By David Stratford
GRAFTON – On Route 17 in York County, Virginia remains one of the great remaining Western Auto stores. Don’t you just love the flags on the front? Six of them!
The chain was a national giant in auto parts and appliances. The chain opened in 1909 in Kansas City, Missouri as a mail order company. It was founded by George Pepperdine, who founded Pepperdine University. The first store opened in 1921. It became a national icon; many of the stores not only sold auto parts, but appliances and the like.
Back not too many years ago, car parts dealers and car repair shops often sold small appliances. For Generation X and older, Western Auto was also know as the home of the Western Flyer, which was a great bike. Take a peek at the Youtube commercial, which advertises “The lightweights for today’s young moderns.”
In 1987, Sears bought Western Auto, but it was no match for the growing power of retailers like Advance Auto (NYSE: AAP), which purchased many of the stores. Many dealers turned into Sears stores, and the rest turned into Advance Stores. Except this one in Grafton, which has been a Western Auto for decades.
Sadly, Advance did not see the value in the brand, but many independent stores, luckily, stayed independent and began sourcing auto parts from elsewhere. The Wikipedia entry on Western Auto mentions other stores in Marianna, Florida, Lincolnville, Maine, Stevensville, Maryland, Starkville, Mississippi, Forest, Mississippi, Trinity, Texas, and Henderson, Texas.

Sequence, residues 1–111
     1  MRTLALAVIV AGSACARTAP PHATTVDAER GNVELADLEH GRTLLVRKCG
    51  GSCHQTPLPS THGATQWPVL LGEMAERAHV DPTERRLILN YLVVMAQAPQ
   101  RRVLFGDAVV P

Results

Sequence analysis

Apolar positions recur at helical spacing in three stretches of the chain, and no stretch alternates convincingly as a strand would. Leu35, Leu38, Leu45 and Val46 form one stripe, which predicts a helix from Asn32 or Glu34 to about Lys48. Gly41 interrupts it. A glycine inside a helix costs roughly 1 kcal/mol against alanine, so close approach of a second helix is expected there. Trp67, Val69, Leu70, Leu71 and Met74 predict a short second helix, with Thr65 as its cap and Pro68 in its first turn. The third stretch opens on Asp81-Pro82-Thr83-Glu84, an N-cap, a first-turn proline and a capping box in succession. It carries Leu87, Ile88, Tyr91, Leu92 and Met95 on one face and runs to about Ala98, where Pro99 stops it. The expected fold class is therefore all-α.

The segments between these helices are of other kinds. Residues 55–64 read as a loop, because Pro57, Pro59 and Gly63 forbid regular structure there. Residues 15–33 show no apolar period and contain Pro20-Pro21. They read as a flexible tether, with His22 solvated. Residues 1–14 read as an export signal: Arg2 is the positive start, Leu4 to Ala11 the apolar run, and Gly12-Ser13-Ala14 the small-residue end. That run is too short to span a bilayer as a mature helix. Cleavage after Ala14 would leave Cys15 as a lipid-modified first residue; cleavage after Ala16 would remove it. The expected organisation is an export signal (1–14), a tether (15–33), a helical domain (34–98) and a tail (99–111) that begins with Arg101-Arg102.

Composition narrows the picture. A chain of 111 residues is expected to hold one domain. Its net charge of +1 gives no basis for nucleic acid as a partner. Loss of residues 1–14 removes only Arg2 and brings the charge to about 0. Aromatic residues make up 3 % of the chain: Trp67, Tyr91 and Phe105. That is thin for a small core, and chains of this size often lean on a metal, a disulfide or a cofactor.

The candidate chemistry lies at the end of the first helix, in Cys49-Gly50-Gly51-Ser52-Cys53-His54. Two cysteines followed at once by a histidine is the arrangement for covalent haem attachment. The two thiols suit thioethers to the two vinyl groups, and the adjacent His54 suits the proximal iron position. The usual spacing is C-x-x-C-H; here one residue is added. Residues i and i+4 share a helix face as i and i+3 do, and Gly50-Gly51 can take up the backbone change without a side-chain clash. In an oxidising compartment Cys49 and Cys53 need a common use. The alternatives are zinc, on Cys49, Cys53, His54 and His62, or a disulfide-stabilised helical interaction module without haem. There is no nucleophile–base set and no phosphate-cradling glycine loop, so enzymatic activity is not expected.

Apparently, the Western Auto name is still used in Puerto Rico, where it is the largest such chain, even though the Western Auto name is being phased out store by store into Advance stores, according to their Wikipedia entry.
While Advance Auto is a fine Virginia company, it is regrettable that they did not see more value in the Western Auto legacy. Thankfully, some of the pieces of the brand have survived as living bits of American automotive (and educational) history. Thankfully, some of the former dealers are still using the name; it still has some value, and if it were promoted as a general merchandise store that sold auto parts, it could have some value.The name is still registered to Advance, but a company cannot keep a brand name that it does not use.
Great stuff: Click here for a Western Auto sign in Kansas City.
And click here for a Western Auto commercial with bikes for the family.